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dc.contributor.advisorCaldwell, Maeve
dc.contributor.authorMC COMISH, SARAH FRANCES
dc.date.accessioned2020-12-24T12:07:58Z
dc.date.available2020-12-24T12:07:58Z
dc.date.issued2020en
dc.date.submitted2021
dc.identifier.citationMC COMISH, SARAH FRANCES, The interactions of apolipoprotein E and inflammation in human iPSC-derived astrocytes, Trinity College Dublin.School of Medicine, 2021en
dc.identifier.otherYen
dc.identifier.urihttp://hdl.handle.net/2262/94468
dc.descriptionAPPROVEDen
dc.description.abstractAlzheimer’s disease (AD) is a devastating neurodegenerative disease characterised histologically by the presence of extracellular plaques and intracellular neurofibrillary tangles, and clinically by memory loss, cognitive decline and personality changes. Much of the research investigating AD to date has focused on the familial early-onset form of AD which accounts for <5% of cases. Most cases are sporadic with late-onset, with certain genes presenting a high risk. Apolipoprotein E (APOE) genotype is one of the major genetic risk factors for late-onset AD. There are three major APOE isoforms (APOE2, APOE3and APOE4), each differing by a single amino acid residueat the protein leveland thus inferring different AD-risk. APOE2 contains cysteineat amino acid residues 112 and 158, APOE3contains a cysteine at residue 112 and arginine at residue 158, while APOE4 contains arginine at both residue sites.APOE3 is most common in the general population and APOE4 associated with an increased AD risk. Emerging evidence supports a detrimental role of astrocytes in AD, with astrocytes developing a reactive phenotype upon exposure to inflammatory microglial factors.Furthermore, excitotoxicity has been well characterised in AD as a mechanism for neuronal deathwhich may occur as a result of alteredastrocyte function following activation.With this in mind, our study aimed to investigate the impact of APOEgenotype on astrocyte reactivity and functionality using human induced pluripotent stem cell (iPSC)-derived astrocytes with homozygous APOE3andAPOE4genotypes.Human iPSC homozygous for APOE3and APOE4were patterned towards a neural fate using dual SMAD inhibition to produce neural progenitor cells. Subsequently, astrocytes were derived using epidermal growth factor and human leukemia inhibitory factor to produce mature astrocytes after 90 days. Astrocytes were characterised by immunostaining for classic markers, then stimulated (IL1α, TNFα and C1q) to induce reactivity and a reactivity profile was generated via morphological, ELISA and qPCR analysis. The functional capacity of astrocytes was investigated via glutamate assay.iPSC-derived astrocytes are positive for astrocyte markers GFAP, S100β, Connexin-43 and EAAT1 confirming cell fate. Stimulation with microglial factors resulted in increasedIL6, RANTES and GM-CSF secretion, coupled with increased expression of genes associated with reactivity including IL6, ICAM1, LCN2and SERPINA3.APOEgenotype affected basal expression and secretion of IL6 as well as IL1B. Fibroblast growth factor 2 (FGF2) was capable of modulating some aspects of astrocyte reactivity while cannabidiol (CBD) did not. Glutamate dynamics were unaffected by stimulation,however APOE4astrocytes have altered glutamate flux relative to APOE3control.In conclusion, the ability to produce reactive astrocytes derived from genotyped human cells in vitroprovides a powerful model for researching the mechanisms underlying the detrimental role of astrocytes and the effect of APOE genotype in AD. APOE genotype appears to influence astrocyte reactivity and APOE4is strikingly detrimental to glutamate handling. While CBD did not successfully modulate astrocyte reactivity, FGF2 had some success modulating reactivity. This study presents the potential mechanisms which predispose APOE4carriers to AD and presents some therapeutic targets in order to manage AD risk.en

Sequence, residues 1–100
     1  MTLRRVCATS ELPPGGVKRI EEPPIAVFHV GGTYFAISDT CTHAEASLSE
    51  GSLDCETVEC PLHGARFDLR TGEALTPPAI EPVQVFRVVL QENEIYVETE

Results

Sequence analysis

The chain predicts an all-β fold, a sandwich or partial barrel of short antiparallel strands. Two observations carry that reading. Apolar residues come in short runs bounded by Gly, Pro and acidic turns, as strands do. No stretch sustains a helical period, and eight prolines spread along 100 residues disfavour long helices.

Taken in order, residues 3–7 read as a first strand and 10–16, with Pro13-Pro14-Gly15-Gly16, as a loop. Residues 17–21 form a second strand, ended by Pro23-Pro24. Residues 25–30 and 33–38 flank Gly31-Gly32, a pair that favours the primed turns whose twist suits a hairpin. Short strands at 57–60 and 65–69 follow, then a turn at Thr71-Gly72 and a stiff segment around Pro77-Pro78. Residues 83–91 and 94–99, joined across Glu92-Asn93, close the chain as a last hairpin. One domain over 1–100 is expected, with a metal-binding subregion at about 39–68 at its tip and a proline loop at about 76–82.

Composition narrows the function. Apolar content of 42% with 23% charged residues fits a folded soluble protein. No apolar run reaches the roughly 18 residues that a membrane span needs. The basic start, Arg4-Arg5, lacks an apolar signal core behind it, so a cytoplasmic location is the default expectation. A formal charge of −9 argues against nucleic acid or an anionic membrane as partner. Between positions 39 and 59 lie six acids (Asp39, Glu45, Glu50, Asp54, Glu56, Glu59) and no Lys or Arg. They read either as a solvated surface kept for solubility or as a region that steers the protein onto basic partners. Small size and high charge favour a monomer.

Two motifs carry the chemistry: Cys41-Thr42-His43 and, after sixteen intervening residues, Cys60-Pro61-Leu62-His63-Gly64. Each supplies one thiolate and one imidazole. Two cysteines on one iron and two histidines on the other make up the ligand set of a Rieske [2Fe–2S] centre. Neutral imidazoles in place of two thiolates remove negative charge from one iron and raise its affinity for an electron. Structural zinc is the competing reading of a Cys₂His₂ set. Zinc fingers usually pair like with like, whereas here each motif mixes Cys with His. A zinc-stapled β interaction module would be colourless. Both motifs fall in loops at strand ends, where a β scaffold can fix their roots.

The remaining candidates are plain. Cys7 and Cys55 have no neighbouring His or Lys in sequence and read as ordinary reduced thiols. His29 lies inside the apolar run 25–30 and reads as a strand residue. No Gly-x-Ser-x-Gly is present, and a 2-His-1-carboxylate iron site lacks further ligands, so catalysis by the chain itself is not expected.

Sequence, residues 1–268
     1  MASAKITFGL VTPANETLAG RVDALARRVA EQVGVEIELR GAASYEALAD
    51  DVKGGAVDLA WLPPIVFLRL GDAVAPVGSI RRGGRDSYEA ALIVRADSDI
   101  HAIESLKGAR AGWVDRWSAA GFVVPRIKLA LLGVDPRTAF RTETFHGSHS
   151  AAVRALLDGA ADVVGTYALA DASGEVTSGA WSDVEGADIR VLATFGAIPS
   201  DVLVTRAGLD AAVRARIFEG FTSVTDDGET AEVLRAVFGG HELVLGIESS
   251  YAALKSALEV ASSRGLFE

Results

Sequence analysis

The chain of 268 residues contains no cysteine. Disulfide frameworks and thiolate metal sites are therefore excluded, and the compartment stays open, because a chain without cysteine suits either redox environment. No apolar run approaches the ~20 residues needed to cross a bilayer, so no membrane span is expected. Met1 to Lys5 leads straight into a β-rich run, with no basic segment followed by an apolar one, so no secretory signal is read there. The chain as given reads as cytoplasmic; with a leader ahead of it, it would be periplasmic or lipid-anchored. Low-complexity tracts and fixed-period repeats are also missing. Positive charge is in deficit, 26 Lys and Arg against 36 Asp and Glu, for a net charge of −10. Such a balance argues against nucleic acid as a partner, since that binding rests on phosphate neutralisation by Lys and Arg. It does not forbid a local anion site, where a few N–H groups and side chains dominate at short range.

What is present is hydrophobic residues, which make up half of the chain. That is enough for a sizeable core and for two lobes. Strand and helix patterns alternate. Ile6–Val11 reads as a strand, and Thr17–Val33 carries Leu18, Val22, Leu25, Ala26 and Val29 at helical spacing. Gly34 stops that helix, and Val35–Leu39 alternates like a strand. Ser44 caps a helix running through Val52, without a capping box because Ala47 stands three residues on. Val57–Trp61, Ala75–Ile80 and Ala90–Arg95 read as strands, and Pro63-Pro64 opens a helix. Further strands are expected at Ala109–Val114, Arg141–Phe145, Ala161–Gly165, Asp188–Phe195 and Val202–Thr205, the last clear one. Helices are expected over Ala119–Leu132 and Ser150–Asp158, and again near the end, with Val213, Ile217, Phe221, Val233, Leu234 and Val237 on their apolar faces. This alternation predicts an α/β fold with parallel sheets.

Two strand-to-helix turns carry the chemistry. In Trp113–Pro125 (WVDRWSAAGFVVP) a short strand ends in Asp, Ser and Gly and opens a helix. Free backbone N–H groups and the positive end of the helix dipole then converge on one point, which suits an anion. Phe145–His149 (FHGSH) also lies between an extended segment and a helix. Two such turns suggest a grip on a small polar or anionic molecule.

dc.language.isoenen
dc.publisherTrinity College Dublin. School of Medicine. Discipline of Physiologyen
dc.rightsYen
dc.subjectiPSCen
dc.subjectapolipoprotein Een
dc.subjectastrocyteen
dc.subjectastrogliosisen
dc.subjectinflammationen
dc.titleThe interactions of apolipoprotein E and inflammation in human iPSC-derived astrocytesen
dc.typeThesisen
dc.contributor.sponsorTrinity College Dublin (TCD)en
dc.type.supercollectionthesis_dissertationsen
dc.type.supercollectionrefereed_publicationsen
dc.type.qualificationlevelDoctoralen
dc.identifier.peoplefinderurlhttps://tcdlocalportal.tcd.ie/pls/EnterApex/f?p=800:71:0::::P71_USERNAME:MCCOMISSen
dc.identifier.rssinternalid222441en
dc.rights.ecaccessrightsopenAccess


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